The Department of Energy and Climate Change has revealed that the rollout of the domestic Renewable Heat Incentive (RHI) will be delayed for a year following the controversy surrounding the current solar power Feed-in Tariff.
The RHI scheme would financially reward home owners who opt to generate their own heat or hot water using renewable energy sources, such as heat pumps or solar panels. It would work much in the same way as the FiT scheme did; providing financial incentives for householders to use renewable energy, and give the renewable energy industries a leg up.
The delay has been introduced to allow the DECC time to work out how funds will be managed in light of recent setbacks. The solar electricity incentives proved more popular than expected, using up the funds set aside for reimbursement and leading to a cut in payments earned through the Feed-in Tariff.
The £865m scheme was to be rolled out this month, as the second part of government plans to boost Britain’s renewable energy use and installations. This phase would work much in the same way as the FiT scheme, paying consumers for heat and hot water generated by themselves, and also paying them for any extra heat that is passed on to other consumers. The payments would run for 20 years, again similar to the highly popular FiT scheme.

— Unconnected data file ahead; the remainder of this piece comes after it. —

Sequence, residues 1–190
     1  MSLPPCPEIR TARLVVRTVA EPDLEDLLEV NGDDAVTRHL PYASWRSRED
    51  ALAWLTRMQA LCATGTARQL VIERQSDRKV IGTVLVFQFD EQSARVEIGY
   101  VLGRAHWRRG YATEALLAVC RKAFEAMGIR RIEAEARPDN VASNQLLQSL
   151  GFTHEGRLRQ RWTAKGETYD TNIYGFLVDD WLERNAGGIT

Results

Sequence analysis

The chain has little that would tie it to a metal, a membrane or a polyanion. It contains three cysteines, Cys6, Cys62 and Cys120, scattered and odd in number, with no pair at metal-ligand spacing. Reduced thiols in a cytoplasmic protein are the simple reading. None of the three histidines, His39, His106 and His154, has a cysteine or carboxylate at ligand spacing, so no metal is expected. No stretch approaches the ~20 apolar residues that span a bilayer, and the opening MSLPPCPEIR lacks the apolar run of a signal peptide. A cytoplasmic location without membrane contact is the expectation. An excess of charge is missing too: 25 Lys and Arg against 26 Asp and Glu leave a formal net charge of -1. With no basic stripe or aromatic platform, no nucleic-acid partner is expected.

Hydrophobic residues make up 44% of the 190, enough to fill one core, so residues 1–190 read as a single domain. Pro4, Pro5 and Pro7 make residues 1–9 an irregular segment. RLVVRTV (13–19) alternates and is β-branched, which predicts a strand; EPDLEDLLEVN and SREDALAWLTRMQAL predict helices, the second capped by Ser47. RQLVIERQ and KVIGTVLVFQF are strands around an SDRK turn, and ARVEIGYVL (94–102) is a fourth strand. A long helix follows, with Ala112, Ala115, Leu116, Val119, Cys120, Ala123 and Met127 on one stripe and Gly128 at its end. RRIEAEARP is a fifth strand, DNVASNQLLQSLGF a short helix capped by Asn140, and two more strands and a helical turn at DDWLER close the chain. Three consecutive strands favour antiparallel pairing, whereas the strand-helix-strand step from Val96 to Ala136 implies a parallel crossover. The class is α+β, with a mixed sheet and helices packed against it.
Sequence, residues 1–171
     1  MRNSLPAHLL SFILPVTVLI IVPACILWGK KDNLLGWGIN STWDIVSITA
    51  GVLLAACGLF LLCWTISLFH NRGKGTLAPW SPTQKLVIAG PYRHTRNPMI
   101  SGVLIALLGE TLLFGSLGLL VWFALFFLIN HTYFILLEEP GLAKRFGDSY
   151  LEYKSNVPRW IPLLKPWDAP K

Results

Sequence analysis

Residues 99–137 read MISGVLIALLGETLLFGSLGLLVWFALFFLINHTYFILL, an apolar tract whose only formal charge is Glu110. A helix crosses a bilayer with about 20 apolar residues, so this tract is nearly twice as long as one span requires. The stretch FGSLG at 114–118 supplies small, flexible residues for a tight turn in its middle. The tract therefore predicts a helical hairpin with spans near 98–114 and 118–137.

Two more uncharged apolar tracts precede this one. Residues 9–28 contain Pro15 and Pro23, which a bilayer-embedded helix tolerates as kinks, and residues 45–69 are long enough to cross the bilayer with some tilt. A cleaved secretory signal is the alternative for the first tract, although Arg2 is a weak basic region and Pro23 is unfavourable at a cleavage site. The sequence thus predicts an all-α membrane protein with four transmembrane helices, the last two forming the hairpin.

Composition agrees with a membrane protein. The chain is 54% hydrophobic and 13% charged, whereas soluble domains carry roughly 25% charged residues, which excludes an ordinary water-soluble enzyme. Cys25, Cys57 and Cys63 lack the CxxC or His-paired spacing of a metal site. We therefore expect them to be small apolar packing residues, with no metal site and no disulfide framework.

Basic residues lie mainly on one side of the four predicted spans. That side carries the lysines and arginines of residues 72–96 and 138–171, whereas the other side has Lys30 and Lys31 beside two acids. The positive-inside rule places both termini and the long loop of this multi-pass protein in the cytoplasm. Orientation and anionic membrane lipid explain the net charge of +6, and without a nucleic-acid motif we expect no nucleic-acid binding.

The main concern with this scheme is that the funds would come directly from the Treasury, unlike previous schemes which were funded by energy companies. The DECC is now proposing an ‘emergency brake’ measure, which would cut the RHI scheme if payments became too high for government funds to sustain. A formal consultation will be launched this summer to explore different options available to help keep the RHI scheme within budget limits.
Some believe that the decision to delay the scheme is premature, and don’t see any danger of renewable heat sources becoming as popular as solar electricity, but it seems the DECC and the government as a whole are keen to avoid any mishaps after this year’s mistakes.